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BOOMING ECONOMY (1970-1980)

Gerald Hines opened the Galleria at Westheimer and South Post Oak in 1970. Sakowitz and Joskeís had built large stores a little earlier at this intersection where there had been only a country store and a vacant school house a few years before.

The Census of 1970 showed a population of 1,232,802 for the city proper, almost double the 1950 population.

Construction began in 1970 on Lake Conroe on the West Fork of the San Jacinto River, another addition to Houstonís surface water supply. The lake was completed in 1973. The Gulf Coast Waste Disposal Authority was created in 1970 to encourage and help channel industries to clean up their operations.

Shell Oil bought 500 acres of land near the Astrodome and started a commercial and residential development called Plaza del Oro. Congressman Bush gave up his house seat to make a race for the U.S. Senate. He lost and Bill Archer was elected to succeed him as 7th District congressman.

Work started in 1970 on the Eleven Hundred Milam Building, taller than anything downtown except One Shell Plaza.

One and Two Shell Plaza were completed in 1971 and in the same year two new projects were initiated, both bigger than anything done downtown before. Trammel Crow and the Metropolitan Life Insurance Company started work on Allen Center on an 18-acre site between Smith Street and Interstate 45 just south of the Civic Center. A big part of this property had been part of the old Fourth Ward slum until the building of the elevated freeway cut it off from the main body of Fourth Ward. Texas Eastern Transmission Company bought up 33 blocks east of Main Street for a development called Houston Center.

Memorial Hospital decided in 1971 to sell its downtown property and move to Sharpstown. Classes began in the new University of Texas Medical School in the Medical Center and the Houston Fire Department took over the operation of emergency ambulances in the city in 1971. Most of the ambulances had previously been operated by undertakers. Some of them deplored the change as a setback for private enterprise.

Leonel Castillo became the first Hispanic to be elected to a citywide office in Houston when he defeated long-time City Controller Roy Qakes in 1971. The new Southwest Airlines brought the Hobby Airport terminal back to life that year. Southwest started with three planes, serving Houston, Dallas, and San Antonio.

The Securities Exchange Commission filed suit in 1971 accusing developer Frank Sharp and several state political figures of stock fraud. The agency charged that some high state officials had been bribed to support banking legislation favored by Sharp. The developer was accused of arranging for the officials to make quick profits by buying and selling stock in his National Bankersí Life Insurance Company. The suit alleged that Sharpís bank lent the politicians the money for the deals. House Speaker Gus Mutscher and two of his aides were convicted of conspiring to accept bribes and the fallout ruined the careers of several other politicians.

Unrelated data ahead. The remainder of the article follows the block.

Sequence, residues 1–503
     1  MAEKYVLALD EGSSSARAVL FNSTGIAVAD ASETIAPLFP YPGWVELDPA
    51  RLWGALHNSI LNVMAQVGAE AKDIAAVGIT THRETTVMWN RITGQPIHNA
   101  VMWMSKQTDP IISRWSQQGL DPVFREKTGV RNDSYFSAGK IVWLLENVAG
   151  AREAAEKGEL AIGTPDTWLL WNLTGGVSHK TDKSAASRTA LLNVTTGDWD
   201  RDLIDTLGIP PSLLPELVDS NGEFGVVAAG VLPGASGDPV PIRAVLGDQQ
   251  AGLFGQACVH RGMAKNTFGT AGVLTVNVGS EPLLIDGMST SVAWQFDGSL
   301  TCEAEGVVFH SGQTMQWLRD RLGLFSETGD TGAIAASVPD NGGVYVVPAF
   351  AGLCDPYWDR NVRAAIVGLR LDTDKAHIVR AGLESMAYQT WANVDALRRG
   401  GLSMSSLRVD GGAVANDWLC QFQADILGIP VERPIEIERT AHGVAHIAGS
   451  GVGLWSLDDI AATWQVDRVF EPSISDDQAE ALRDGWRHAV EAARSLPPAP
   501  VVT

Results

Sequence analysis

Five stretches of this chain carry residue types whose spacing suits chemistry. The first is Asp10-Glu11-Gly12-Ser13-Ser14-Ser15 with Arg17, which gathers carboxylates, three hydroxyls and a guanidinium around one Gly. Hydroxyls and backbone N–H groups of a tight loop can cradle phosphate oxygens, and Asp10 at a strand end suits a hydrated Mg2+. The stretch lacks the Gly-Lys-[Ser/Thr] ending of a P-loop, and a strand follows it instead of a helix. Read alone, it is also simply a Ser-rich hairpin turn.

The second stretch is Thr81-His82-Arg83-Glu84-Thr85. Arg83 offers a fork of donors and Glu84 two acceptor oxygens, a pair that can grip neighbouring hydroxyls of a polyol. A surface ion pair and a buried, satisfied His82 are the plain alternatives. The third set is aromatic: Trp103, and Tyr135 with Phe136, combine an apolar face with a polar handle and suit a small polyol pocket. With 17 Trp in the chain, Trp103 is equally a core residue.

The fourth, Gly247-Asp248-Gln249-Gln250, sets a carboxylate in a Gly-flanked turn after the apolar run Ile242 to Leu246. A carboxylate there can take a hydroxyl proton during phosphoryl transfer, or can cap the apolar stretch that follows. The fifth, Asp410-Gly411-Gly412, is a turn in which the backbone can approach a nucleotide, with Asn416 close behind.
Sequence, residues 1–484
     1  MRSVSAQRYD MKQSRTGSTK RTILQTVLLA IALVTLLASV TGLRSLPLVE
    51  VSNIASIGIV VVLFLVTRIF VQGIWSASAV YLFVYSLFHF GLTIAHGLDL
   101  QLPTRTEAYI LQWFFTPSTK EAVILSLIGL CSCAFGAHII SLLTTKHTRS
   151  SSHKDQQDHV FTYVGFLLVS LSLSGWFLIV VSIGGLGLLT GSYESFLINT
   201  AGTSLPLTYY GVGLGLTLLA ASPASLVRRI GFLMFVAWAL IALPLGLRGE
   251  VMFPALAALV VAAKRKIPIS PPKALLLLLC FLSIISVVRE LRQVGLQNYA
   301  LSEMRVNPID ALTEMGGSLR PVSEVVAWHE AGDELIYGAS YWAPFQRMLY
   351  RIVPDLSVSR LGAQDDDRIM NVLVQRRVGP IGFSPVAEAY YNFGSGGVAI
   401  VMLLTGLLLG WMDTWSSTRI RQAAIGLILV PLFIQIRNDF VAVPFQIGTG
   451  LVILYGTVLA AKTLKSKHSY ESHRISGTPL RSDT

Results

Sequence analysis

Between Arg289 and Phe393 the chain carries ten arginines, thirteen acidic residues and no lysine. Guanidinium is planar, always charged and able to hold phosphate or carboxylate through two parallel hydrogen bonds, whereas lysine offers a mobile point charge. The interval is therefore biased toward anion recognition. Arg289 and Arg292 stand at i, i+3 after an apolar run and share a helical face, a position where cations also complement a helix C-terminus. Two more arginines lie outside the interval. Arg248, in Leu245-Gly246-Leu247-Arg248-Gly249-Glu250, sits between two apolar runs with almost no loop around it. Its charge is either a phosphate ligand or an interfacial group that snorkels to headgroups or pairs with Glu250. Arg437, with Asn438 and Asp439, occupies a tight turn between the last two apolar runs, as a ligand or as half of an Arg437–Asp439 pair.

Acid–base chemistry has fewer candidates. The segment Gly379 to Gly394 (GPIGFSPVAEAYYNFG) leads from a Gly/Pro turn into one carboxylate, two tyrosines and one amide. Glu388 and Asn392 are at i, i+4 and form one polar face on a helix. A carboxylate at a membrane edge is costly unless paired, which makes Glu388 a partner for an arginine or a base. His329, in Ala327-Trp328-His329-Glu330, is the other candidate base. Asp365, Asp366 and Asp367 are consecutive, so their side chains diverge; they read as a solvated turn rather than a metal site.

Frank Sharp was granted probation and immunity from further prosecution when he pleaded guilty to making a false bank entry and dealing in unregistered stock and agreed to give testimony against the others. The scandal caused a run on his bank. It closed and Sharp lost control of the Sharpstown empire he had created.

Wayne Duddleston, Billy Goldberg, and Ralph OíConnor bought the San Diego Rockets in 1971 and moved them to Houston. This was the first professional basketball franchise in Texas. Raymond Schindler and his associates in Crest Broadcasting Company put KRIV-TV on the air on Channel 26 August 15, 1971. This was the year congress created Amtrak to run what was left of the railroad passenger business.

The Hyatt Regency Hotel opened at Louisiana and Dallas in 1972 and work started on the Pennzoil Building. W. P. Hobby, Jr., son of former Governor W. P. Hobby and Oveta Culp Hobby, was elected lieutenant governor.

The Houston Independent School District established the Houston Community College system in 1972. The system offered classes mostly at night and mostly in the Houston School Districtís buildings in the beginning.

The port began a major expansion of its Bayport Division in 1972 and oilman George Mitchell started work on his new town at The Woodlands on 1-45 North. Mitchell estimated an ultimate investment of $3 billion.

United Gas Company changed its name to Entex in 1972. Entex bought out the Houston distribution system of Houston Natural Gas in 1976 to become the cityís only natural gas supplier. Entex became a subsidiary of Arkla in 1988. The Humble Company changed its name and trade mark to Exxon in 1972. The company had adopted Enco as its trade name in 1960 and was marketing its products under that name around the world until it discovered that the meaning of Enco in Japanese was something like "car wonít go." Computers were enlisted to find a word that suggested petroleum products but didnít mean anything in any language. Exxon was the word the computers came up with.